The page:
It sounds like you got lucky with the tempering. Years back I got into making chocolates and went a little nuts. I made sugar-free and regular chocolates — hand dipped and molded. Tempering became second nature. I melted chocolate with the microwave and tempered over a bowl of warm water to maintain the right temp until I could add in my “seed” chocolate to temper. In this case you’d be using finely chopped cocoa butter to seed. Doesn’t take much time to do, as long as you have a good digital thermometer.
On the diet, you can get frozen and ready-to-eat South Beach Diet meals, along with some meals you make on your own. They also encourage you to buy South Beach Diet–branded snacks. The upside is that they’ll tell you what to eat all day and there’s little cooking involved (great if you hate your kitchen); the downside is that you have to buy your food through them, and the choices can become limiting. Plus, when you’re buying packaged foods, you’re not getting the full nutritional benefit you would from eating whole foods.
I definitely want to make these, they look great! However, I want to caution you about advertising them as sugar free. Since they have maple syrup in them they are not sugar free. “Sugar” does not just refer to cane sugar, but any carb based sweetener. Thus, maple syrup, cane sugar, honey, corn syrup and agave nectar are all “sugars.” A lot of people avoid cane sugar because they mistakenly think that’s what is meant by eating low sugar. While processed cane sugar is definitely to be avoided, unprocessed whole cane sugar like Sucanat is an acceptable natural sweetener with about the same carbs per volume as honey and maple syrup.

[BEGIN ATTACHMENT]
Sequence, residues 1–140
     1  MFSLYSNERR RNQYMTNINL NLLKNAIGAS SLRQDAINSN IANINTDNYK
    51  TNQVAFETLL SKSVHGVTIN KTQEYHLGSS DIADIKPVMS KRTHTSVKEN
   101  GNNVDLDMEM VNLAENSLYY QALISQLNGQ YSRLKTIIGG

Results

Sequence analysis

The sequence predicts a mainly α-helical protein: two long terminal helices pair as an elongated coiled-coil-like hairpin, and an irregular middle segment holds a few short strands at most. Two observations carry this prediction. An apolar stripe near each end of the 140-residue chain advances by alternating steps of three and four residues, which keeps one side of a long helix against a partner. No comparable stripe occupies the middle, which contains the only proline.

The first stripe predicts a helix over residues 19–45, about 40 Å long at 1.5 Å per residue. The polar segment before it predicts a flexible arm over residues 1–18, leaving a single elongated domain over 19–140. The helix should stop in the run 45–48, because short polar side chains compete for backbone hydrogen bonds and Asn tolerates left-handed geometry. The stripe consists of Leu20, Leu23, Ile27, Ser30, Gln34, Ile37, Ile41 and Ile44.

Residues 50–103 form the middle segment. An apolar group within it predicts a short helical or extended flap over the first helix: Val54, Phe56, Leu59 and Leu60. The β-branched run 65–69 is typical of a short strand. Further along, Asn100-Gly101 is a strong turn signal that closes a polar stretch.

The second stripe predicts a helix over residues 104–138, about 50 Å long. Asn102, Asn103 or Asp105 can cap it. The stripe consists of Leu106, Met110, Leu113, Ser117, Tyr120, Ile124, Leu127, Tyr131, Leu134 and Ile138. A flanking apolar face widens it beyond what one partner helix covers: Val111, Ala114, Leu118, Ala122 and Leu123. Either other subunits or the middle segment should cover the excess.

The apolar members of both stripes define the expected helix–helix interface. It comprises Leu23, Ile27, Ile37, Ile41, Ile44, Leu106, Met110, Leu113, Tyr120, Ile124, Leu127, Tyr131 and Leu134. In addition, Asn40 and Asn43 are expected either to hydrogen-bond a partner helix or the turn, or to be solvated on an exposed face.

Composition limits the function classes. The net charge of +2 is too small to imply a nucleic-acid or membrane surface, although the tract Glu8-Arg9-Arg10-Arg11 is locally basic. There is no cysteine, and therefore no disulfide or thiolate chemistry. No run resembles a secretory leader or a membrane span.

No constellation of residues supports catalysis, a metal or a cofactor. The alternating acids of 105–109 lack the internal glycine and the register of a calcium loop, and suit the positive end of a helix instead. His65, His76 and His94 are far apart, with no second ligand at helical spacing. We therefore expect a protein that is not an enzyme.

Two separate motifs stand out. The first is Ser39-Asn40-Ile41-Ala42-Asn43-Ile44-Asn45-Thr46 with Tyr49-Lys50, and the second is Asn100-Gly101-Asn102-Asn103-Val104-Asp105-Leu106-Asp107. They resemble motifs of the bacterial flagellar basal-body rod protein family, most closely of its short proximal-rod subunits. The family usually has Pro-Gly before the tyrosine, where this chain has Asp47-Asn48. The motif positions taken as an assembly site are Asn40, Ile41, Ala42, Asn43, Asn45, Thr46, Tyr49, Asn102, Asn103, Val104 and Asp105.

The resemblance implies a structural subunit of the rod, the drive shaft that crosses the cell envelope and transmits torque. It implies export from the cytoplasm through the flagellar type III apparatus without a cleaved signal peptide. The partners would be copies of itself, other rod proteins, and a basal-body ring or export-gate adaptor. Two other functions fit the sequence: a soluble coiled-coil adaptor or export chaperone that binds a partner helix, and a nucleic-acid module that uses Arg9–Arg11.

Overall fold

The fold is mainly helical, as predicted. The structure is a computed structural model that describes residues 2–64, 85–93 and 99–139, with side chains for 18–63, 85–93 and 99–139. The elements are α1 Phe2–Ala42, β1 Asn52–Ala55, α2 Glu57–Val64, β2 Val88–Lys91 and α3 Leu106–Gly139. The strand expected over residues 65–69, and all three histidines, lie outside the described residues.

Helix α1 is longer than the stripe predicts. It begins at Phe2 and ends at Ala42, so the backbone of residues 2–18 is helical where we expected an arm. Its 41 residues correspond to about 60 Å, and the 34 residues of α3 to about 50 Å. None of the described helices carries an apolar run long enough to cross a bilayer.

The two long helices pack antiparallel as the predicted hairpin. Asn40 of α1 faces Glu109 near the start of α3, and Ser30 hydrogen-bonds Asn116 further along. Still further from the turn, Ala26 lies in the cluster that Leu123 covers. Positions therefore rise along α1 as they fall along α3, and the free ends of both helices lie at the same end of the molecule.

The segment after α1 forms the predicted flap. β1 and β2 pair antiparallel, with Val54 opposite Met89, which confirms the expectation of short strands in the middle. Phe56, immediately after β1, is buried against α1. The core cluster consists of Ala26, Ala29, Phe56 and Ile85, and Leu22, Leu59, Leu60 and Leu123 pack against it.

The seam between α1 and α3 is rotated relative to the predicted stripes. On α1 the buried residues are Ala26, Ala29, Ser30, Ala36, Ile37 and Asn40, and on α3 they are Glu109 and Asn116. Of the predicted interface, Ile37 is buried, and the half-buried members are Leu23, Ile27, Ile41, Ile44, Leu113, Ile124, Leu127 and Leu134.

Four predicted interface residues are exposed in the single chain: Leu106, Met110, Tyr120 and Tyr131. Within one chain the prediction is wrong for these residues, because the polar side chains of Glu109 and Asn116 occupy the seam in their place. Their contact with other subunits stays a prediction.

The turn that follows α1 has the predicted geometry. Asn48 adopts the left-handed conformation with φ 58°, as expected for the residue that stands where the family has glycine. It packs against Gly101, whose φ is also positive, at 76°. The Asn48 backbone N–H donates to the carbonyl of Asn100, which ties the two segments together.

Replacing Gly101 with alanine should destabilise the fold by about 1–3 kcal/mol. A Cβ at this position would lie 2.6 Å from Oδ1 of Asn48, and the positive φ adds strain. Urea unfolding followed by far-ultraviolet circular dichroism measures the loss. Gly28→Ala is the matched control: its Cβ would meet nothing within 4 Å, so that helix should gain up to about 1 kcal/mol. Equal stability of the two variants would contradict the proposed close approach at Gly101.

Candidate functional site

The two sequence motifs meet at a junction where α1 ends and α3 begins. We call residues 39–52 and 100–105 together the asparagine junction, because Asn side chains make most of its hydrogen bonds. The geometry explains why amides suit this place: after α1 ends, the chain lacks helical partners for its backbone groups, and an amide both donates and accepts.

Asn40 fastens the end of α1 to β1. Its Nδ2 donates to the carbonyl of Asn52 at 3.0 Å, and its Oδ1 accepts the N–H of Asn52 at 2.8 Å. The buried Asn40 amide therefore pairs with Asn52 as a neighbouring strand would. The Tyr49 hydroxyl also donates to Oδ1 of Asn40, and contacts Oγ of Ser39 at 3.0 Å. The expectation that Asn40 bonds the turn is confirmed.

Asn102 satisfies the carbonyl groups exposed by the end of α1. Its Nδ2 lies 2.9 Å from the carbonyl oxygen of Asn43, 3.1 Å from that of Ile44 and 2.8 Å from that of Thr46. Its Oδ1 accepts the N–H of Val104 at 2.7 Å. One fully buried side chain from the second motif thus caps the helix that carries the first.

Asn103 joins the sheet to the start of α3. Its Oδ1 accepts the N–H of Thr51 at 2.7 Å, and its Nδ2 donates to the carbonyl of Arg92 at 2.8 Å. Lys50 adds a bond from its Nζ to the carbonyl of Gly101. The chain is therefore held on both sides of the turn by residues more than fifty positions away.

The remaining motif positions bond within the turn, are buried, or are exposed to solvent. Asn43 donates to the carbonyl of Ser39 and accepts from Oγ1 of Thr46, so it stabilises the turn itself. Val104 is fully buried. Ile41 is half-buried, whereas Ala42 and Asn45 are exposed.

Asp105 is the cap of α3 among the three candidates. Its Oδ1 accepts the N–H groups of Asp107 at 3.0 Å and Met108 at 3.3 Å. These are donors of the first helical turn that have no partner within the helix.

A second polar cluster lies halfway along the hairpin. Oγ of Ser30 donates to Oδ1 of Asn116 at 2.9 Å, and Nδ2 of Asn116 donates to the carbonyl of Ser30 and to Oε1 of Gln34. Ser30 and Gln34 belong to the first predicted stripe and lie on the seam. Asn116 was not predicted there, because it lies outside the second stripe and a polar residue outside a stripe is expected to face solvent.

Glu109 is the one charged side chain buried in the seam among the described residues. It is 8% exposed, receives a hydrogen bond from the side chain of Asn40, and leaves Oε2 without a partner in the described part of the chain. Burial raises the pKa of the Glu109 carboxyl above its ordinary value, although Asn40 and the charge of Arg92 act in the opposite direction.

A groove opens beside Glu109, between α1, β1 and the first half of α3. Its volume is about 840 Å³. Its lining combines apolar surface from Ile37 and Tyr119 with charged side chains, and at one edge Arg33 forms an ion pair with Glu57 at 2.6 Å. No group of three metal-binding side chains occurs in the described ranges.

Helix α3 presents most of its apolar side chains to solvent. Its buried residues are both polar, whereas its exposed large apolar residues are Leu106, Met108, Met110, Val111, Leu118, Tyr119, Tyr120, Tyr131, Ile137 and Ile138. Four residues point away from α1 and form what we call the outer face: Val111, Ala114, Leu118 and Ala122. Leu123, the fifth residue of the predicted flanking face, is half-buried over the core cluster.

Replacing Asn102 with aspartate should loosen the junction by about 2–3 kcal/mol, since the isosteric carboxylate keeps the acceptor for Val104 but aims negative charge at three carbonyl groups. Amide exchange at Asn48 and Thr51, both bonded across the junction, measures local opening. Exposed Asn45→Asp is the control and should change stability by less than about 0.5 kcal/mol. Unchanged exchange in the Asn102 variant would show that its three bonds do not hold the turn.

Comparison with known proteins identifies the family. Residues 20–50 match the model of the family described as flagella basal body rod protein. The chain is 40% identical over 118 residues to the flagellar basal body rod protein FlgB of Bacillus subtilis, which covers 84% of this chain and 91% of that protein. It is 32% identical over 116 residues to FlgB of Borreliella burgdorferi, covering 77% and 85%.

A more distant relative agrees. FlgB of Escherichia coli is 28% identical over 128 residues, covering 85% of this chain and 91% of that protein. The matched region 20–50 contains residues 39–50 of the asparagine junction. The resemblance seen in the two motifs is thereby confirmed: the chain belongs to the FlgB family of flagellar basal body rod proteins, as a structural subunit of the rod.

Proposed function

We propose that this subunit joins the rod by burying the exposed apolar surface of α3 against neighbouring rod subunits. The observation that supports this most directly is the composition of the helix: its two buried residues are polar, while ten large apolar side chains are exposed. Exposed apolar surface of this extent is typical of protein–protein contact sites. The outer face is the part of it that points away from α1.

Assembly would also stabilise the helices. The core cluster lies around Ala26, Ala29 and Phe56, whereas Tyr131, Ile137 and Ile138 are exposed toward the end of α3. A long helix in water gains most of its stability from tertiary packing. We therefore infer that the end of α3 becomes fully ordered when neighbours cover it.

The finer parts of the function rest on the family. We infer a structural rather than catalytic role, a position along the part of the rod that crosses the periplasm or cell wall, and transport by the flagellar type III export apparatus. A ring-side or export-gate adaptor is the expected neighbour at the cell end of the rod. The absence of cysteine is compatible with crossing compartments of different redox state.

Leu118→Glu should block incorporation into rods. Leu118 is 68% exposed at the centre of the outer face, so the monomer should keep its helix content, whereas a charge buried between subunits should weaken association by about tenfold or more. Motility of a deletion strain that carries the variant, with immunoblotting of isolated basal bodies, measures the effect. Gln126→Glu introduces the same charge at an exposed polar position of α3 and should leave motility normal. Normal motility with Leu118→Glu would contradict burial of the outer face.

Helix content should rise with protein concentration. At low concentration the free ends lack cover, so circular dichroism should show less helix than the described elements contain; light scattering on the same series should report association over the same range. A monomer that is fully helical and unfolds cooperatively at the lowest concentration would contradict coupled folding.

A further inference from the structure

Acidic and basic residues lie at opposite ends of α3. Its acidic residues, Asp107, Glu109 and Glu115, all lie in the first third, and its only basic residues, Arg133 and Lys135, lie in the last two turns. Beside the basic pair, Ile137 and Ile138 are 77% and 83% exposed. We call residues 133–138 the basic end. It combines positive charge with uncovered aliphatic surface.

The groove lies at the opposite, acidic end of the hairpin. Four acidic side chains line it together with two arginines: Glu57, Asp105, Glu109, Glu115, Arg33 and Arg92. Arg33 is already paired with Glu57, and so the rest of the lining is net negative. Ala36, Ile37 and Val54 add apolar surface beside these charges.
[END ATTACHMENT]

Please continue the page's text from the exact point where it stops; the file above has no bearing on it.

Besides Nestlé, a number of notable chocolate companies had their start in the late 19th and early 20th centuries. Rowntree's of York set up and began producing chocolate in 1862, after buying out the Tuke family business. Cadbury was manufacturing boxed chocolates in England by 1868. In 1893, Milton S. Hershey purchased chocolate processing equipment at the World's Columbian Exposition in Chicago, and soon began the career of Hershey's chocolates with chocolate-coated caramels.